Against “Good Enough”

Recently I overheard a manager (not one of ours, mercifully) utter one of the most pernicious phrases that can apparently still be uttered in the workplace.

They meant it in a term of endearment to efficiency and process, and the safety of the established way of being. But unfortunately, it belied an insidious, almost boring laziness.

You’ll be familiar with it: “If it ain’t broke, don’t fix it.”

If we can point to one attitude that prevents the challenging of the status quo or the development of better ideas, then it’s this. We should be cultivating environments – professionally, personally, politically – that are prepared to ask what improvements can be found and what we can learn on the way towards something better.

Thought leadership means adopting a growth mindset, and focusing attention on the things that might not be broken, but sure as hell could be better.

The foundation of this, I believe, has to be a spirit of learning. In our Better Book Project and Strategic Thought Leader courses, we often talk about approaching new ideas like scientists: go in with a question, test it out, record data, and draw a conclusion. (Importantly, generating a conclusion based on the data, not using the same data to justify a foregone conclusion – but that’s for another day.) Within that has to be the acceptance that you don’t have all the answers, and nor are you prepared to wash your hands of the responsibility of improving outcomes.

Let’s look at some principles to embrace:

Continuous growth

Every experience contains opportunities for growth. If you’ve read James Clears’ Atomic Habits, then this will be engraved in your grey matter. Thought leaders stay across new developments and trends, attend industry conferences, and engage their audiences to stay abreast of their market.


Because they continuously embrace challenges and expand their knowledge, thought leaders are better equipped to navigate changing circumstances. A thought leader in education might embrace technology to try new teaching methods in their classrooms, inviting their students to provide feedback on the process while tracking learning results. Look for places where you can apply your thinking to explore novel ideas and solutions for the betterment of the people you serve. 


Around a decade ago, tertiary institutes were pushing hard for more ‘interdisciplinary work’, AKA getting diverse schools to work together on projects. Now these graduates are in the workforce, and (ideally) open to collaborations, and that’s great news for businesses – if you’re prepared to take advantage of that open-mindedness. So cultivate those connections, even with people from different fields. You might be surprised at what you learn, develop, and innovate in the process.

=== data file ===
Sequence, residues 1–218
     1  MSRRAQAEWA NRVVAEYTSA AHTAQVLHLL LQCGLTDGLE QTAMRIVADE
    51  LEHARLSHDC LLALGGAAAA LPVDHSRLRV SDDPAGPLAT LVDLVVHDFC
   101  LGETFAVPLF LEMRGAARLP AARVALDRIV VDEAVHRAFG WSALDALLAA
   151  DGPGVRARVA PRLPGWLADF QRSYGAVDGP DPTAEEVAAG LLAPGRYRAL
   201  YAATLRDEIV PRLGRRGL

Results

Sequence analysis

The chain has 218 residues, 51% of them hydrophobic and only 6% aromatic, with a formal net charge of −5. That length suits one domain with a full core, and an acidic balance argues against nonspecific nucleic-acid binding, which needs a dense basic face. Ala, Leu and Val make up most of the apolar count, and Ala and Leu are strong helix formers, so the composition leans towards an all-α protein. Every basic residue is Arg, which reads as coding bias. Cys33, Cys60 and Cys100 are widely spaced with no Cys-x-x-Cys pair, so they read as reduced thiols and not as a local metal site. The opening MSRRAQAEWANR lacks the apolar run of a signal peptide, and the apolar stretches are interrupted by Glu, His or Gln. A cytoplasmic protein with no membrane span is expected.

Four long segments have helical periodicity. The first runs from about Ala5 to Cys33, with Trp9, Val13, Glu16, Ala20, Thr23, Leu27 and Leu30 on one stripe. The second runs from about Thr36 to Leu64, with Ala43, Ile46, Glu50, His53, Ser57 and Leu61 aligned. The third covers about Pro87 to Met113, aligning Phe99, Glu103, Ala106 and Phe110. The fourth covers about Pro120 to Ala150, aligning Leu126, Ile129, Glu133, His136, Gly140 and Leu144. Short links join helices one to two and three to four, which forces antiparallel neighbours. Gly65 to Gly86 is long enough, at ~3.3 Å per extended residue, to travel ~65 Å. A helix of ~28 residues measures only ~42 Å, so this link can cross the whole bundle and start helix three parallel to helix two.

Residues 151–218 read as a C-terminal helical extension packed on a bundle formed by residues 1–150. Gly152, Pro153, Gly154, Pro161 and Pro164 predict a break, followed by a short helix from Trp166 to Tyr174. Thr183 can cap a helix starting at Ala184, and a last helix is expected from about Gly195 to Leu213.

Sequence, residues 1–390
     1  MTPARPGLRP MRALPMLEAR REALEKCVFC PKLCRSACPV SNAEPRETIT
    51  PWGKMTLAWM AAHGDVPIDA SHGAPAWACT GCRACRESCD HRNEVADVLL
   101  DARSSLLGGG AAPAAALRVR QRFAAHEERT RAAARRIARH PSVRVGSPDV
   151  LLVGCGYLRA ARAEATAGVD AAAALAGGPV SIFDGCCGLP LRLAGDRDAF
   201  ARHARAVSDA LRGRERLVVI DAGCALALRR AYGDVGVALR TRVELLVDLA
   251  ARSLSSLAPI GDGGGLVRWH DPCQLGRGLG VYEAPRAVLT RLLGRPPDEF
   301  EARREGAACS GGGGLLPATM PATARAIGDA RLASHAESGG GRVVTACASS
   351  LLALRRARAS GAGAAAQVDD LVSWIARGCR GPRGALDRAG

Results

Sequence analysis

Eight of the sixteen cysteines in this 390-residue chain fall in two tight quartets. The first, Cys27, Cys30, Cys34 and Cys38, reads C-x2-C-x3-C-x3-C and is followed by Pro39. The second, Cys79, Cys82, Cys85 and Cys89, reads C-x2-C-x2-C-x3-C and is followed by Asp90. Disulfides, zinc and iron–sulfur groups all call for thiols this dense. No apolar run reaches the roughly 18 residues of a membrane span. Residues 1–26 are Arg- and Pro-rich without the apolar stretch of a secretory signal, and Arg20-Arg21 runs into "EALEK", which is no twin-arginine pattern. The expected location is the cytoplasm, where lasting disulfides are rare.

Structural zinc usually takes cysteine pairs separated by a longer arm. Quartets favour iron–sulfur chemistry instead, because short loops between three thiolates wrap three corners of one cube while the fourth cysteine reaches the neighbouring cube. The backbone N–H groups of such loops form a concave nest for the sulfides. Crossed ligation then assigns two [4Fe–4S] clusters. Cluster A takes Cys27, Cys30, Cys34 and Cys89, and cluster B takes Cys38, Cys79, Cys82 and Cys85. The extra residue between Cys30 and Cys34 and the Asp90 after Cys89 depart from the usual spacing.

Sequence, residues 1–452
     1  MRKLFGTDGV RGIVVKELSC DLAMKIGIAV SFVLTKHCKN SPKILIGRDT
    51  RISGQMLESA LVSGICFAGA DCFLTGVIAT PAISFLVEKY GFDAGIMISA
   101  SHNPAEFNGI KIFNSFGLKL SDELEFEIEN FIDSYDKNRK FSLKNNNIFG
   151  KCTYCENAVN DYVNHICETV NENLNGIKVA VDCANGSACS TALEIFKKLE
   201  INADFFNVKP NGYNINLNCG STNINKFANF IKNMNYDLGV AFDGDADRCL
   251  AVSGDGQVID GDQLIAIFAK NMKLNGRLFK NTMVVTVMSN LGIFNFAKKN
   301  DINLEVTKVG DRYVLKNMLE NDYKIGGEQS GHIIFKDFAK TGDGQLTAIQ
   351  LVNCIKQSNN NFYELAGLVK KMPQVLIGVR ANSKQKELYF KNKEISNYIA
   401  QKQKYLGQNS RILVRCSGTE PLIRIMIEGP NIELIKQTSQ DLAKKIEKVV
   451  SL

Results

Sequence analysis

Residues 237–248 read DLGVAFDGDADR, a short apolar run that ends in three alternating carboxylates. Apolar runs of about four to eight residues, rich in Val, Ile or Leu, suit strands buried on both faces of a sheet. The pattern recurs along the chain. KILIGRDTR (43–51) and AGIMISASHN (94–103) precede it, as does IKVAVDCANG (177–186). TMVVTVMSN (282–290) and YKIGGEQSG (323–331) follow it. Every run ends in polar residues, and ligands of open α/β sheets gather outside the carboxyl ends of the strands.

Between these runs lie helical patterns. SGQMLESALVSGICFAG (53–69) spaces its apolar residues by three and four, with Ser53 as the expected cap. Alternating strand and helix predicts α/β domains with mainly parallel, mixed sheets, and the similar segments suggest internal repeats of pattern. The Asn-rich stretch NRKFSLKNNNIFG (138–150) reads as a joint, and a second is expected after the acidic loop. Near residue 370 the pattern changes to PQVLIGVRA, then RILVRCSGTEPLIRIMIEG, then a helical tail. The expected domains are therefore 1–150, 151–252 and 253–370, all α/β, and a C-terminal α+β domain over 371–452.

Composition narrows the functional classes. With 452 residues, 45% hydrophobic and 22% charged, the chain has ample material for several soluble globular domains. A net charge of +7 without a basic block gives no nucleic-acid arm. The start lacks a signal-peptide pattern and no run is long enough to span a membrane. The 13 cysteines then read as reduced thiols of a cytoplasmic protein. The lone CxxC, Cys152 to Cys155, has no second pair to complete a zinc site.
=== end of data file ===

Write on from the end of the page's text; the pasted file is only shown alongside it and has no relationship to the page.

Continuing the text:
Thought leadership – at least to us – is all about problem solving: using our ideas to generate action against the shortcomings of the world. (The alternative, let me remind you, is doing nothing.) First, we accept that there are problems. Then we start to look at the causes. Then we can start to generate solutions. Then, the hard part: implementing them. 

Influence + Impact

If you want to have a meaningful impact with your days, then thought leadership is also a moral imperative. You can destigmatise issues by talking about them. When you take on the mantle of ‘thought leader’, you start a much-needed conversation about what needs to be done.

Lifelong learning

The cornerstone of great thought leadership is lifelong learning. For that reason, it’s more of a spiral than a loop: you will often return to the same point you started, but with a new perspective, more knowledge, and a different appreciation for what you see. When you’re curious as to the hows and whys of the world, then you open up the door to something better.

Thought leaders have the potential to represent meaningful progress in a world mired in complacency. So by embracing a growth mindset, fostering adaptability, cultivating diverse networks, honing problem-solving skills, leveraging influence for positive impact, and committing to lifelong learning, thought leaders exemplify a relentless pursuit of improvement and innovation. If you want to drive personal growth that leads to better opportunities, and fulfil the moral imperative to create a better world for those that follow, then thought leadership is one way to go about it.

Ready to have the right impact? Get in touch with us at Intelligent Ink, and we’ll take you through the process of becoming a thought leader.